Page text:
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Ohio cancels execution after failing to find good vein

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Ohio cancels execution after failing to find good vein

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Ohio scrapped the execution of Alva Campbell on Wednesday after failing to find a viable vein for the lethal injection — but the state plans to try again in two years.

Prison officials had been warned about Campbell's extensive health problems but said they were confident they could carry out the execution.

They provided a wedge-shaped pillow to help him breathe during the procedure, but it was problems with his veins that caused the issue. The team tried for about 30 minutes to find an injection site before the execution was called off, according to media witnesses.

Campbell's attorney said his client was overwhelmed by the experience.

"He did say it was a day he'd never forget," said David Stebbins.

Image: Death row inmate Alva Campbell

Gov. John Kasich, who rejected clemency for Campbell, set a new execution date of June 5, 2019, but Stebbins questioned whether the state would have any more success then.

"He's 69 years old and has all kinds of illnesses and his veins are a mess," he said. "They're just not going to get any better."

Campbell is on death row for shooting 18-year-old Charles Dials in cold blood during a carjacking following his 1997 escape from custody on armed robbery charges.

Campbell, who had already served 20 years for an earlier murder, pretended he was paralyzed to stage that getaway. But his lawyers say there is nothing fake about his illnesses now.

"Campbell suffers from lung cancer, COPD, respiratory failure, prostate cancer, hip replacement, and severe pneumonia," they wrote in a petition to the U.S. Supreme Court. "Campbell must take oxygen treatments four times a day in order to function, and he relies on a walker for very limited mobility."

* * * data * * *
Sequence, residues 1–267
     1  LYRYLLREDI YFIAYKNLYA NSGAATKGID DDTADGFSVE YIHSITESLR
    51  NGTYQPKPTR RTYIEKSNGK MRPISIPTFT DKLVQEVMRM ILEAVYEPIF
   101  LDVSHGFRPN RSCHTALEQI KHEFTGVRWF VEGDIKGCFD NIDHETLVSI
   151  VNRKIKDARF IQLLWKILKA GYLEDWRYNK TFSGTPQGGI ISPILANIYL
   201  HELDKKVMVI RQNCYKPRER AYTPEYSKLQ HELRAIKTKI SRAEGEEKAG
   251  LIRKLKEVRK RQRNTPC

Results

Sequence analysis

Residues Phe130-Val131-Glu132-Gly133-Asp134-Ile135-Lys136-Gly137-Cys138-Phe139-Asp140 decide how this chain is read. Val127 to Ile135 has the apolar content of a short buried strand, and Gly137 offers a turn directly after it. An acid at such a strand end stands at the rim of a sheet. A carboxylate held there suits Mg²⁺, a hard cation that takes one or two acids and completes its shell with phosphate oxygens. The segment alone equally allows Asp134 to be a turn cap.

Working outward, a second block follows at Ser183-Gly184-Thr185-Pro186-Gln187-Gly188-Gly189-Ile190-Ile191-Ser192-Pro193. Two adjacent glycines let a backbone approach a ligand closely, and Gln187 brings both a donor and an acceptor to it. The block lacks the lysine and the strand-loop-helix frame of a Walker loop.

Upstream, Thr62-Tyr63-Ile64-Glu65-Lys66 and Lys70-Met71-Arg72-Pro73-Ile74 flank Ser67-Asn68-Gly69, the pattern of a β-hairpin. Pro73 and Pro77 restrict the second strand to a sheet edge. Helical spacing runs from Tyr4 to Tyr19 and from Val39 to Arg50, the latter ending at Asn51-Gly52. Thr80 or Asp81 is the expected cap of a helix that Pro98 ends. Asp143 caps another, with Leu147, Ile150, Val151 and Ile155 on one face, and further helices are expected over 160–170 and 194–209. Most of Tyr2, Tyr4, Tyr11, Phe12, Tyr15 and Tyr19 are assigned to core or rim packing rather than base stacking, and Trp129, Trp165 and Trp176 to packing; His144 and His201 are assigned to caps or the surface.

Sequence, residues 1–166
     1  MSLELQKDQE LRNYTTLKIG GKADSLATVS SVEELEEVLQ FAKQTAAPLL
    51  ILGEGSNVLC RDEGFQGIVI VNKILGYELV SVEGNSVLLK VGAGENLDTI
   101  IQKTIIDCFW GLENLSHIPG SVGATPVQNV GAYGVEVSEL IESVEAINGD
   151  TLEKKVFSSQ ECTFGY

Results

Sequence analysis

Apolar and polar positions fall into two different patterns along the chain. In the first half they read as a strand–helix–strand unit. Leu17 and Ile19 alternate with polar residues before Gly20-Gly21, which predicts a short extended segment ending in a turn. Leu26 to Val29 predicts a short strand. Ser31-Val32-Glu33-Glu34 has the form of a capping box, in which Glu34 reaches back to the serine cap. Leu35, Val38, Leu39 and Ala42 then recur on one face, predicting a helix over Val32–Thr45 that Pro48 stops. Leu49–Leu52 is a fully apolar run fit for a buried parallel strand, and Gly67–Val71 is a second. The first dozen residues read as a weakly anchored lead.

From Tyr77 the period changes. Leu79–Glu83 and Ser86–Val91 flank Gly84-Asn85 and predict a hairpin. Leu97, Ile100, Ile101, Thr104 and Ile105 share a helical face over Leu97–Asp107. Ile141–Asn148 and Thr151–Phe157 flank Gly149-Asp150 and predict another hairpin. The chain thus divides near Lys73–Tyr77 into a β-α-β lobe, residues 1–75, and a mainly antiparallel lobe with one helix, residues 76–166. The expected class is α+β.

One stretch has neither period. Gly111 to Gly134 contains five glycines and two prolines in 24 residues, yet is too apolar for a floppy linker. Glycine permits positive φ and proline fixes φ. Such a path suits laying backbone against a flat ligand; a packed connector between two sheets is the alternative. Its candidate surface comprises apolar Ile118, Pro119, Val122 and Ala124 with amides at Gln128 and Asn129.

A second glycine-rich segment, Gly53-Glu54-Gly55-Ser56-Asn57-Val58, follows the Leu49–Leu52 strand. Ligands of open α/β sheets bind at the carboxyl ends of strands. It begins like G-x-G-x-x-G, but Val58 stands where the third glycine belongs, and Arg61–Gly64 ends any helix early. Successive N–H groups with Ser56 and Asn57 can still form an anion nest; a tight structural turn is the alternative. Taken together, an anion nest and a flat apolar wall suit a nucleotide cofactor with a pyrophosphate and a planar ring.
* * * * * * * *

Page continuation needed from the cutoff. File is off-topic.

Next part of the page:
His legal team also says he is allergic to midazolam, the sedative Ohio uses in its lethal injection.

His medical condition sets the stage for an execution that is so excruciating that it would violate the constitutional protection against cruel and unusual punishment, defense lawyers argued in their briefs.

At one point during the appeals process, Campbell suggested that a firing squad would be a better alternative, but that's not allowed under current Ohio law.

The Ohio Department of Rehabilitation and Correction had acknowledged it had problems finding a vein during a recent exam, and the execution, scheduled for 10 a.m., was delayed for about an hour while officials assessed the situation.

The execution team then tried to put the needle in four places before witnesses were told to leave the death chamber and officials announced the execution would not happen, witnesses said.

The Supreme Court had rejected Campbell's last-ditch request for a stay of execution on Tuesday. He was also denied clemency by a parole board that was told of an abysmal upbringing rife with sexual abuse and beatings.

"It is easy to blame deceased parents or a childhood for mistakes or even crimes — but not for two separate murders committed decades apart," Franklin County Prosecutor Ron O'Brien told the parole board.

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